Tuesday, August 28

Review: Blade Strangers [Nintendo Switch eShop]

While in the past few decades my interest in fighting games has fallen off from where I once was (I bought my SNES specifically to play Street Fighter II with my friend) it’s always been a genre I’ve been fond of. While by no means a hardcore player, immersing myself in information on hitboxes and higher order strategies, I like to think I can hold my own among my fellow enthusiasts. The thing I’ve seen with the genre over time is that there’s no guarantee of success, even for established franchises, and at least for me a game either feels good and works or it doesn’t. While I had high hopes for Studio Saizensen’s (care of Nicalis) first venture into the genre, Blade Strangers, I hadn’t expected that they’d do such a great job on their first attempt.

Starting with the basics the game has a pretty distinctive look for its 10 base characters and 4 indie add-ons. Rather than being hand-drawn the characters were apparently modeled in 3D and then converted into sprites, the result looking pretty fluid and fabulous. Power gauge infused special attacks have a great visual flair but also don’t take so long to execute that they ruin any sort of flow, something other series can struggle with. There are some hard edges on the characters, but aside from that this seems to work very well as a technique and even makes some characters with very different core visual styles feel like they belong together on screen. In particular, I was curious about how well the pale and short of stature Isaac or even Shovel Knight would work into the mix but they generally seem to fit right in.

The selection of modes is pretty well standard, with both basic and advanced training modes, an endurance mode, arcade mode which offers the very convenient option of playing while waiting for an online opponent to become available, standard local versus mode, and story mode. The story mode is pretty standard with an overall narrative that you’ll follow each time trying to make sense of why all of these very different characters have been brought together, which I won’t spoil here, but it’s the character to character interactions here that are one of the things I enjoyed the most. While some of the dialogue is more generic or weird it’s how characters react to the gravity-defying Solange and her peculiar armor that absolutely cracked me up. While perhaps they’re a bit rough on the poor Code of Princess star she takes it in stride and has the skills to knock anyone giving her crap on their ass, so that all seems fair.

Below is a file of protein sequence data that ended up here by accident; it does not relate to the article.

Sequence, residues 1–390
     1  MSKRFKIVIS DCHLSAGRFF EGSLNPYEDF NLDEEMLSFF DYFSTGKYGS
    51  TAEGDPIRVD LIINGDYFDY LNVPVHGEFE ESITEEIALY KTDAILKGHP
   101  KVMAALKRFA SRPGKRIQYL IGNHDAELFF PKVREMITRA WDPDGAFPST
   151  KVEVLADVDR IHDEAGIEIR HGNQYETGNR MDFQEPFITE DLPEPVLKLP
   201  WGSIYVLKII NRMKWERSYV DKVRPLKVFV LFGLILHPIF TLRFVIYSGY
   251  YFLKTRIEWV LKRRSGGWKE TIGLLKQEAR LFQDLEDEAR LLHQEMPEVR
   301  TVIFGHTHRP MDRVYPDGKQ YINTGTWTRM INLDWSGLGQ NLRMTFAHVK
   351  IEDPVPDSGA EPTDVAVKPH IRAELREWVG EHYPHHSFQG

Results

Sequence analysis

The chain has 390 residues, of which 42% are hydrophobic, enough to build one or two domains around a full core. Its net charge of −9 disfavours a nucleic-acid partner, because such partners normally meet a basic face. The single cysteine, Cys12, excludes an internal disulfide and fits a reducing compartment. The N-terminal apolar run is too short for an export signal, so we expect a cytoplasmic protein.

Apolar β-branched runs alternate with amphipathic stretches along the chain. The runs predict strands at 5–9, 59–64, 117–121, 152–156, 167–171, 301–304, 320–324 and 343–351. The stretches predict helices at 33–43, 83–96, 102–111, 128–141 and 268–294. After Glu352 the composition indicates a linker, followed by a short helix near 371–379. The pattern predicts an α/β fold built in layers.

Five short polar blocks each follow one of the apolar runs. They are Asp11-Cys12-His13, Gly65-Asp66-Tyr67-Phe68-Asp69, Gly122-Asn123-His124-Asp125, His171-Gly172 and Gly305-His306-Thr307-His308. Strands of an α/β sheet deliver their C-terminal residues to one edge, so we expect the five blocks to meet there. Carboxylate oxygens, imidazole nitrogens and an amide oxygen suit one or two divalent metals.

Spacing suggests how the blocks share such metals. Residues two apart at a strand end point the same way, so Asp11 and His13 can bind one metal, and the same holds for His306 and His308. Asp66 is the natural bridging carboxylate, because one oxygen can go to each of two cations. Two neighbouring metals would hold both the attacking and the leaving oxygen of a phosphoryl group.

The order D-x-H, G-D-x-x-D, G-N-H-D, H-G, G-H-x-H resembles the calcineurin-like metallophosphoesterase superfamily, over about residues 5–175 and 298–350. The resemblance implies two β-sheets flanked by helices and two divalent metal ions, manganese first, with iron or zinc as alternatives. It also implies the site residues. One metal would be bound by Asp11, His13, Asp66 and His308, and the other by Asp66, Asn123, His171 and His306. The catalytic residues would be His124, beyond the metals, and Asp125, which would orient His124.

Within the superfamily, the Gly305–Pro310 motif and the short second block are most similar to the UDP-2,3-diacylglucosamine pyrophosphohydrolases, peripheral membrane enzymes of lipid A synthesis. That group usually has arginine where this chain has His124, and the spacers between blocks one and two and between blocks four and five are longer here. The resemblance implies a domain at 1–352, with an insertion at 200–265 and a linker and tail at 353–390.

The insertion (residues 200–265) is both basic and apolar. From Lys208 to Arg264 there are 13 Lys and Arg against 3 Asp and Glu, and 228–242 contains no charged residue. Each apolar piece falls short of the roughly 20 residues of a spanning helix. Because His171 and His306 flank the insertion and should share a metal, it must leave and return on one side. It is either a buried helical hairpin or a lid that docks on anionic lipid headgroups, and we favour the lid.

In terms of shortcomings I’d say that from a purists point of view even though each character’s style of fighting is distinctive their method of play is uniformly the same. This is a boon to more casual players like me, not having to remember very specific motions or controls for every fighter, but I could see where some could consider this a bit more watered down. With very accessible ability to chain combos as well as defensive tactics like counters there’s room for this being a technical fighter, but with it being a new kid on the block it will take far pickier genre fans than I to render the verdict on just how far down the technical rabbit hole it goes. In what limited Online play I was able to get in while it was playable I’d say there’s a detectable lack of fluidity compared to local play, though I wouldn’t say it greatly interfered with my success. Online is always difficult to assess until the game is in full release and more heavily in use so it will remain a bit of a question mark until it gets rolling.

In all, as a part-time fighting game fan, I’ll say that I’m both surprised by and very satisfied with this initial entry into the genre by Studio Saizensen. Feeling more polished and comparable than you’d expect with more established series it seems to have struck a nice balance between accessibility and leaving room for more technical fighters to explore. While it doesn’t have a massive roster the characters are varied and there should be match for pretty well everyone here whether you prefer more traditional or a little off-center. Only time will tell if this can break into the big leagues and gain acceptance from the greater fighting community but if you’re looking for something that feels fresh and plays well it’s a solid package.

Score: 8.5

  • The controls are very accessible but leave room for more advanced techniques
  • A varied roster of characters that includes some great indie shout outs like Gunvolt, Isaac, and Shovel Knight
  • The Story Mode shows a sense of humor and self-awareness that made some character interactions far more entertaining than the usual stock comments

  • While the character animations look great some people may get distracted by the hard edges on the character sprites
  • Aside from the roster not being as massive as some other titles the diversity in fighting styles isn’t as broad as you can find elsewhere either
  • Online play, though workable, at the moment feels a little less fluid than playing locally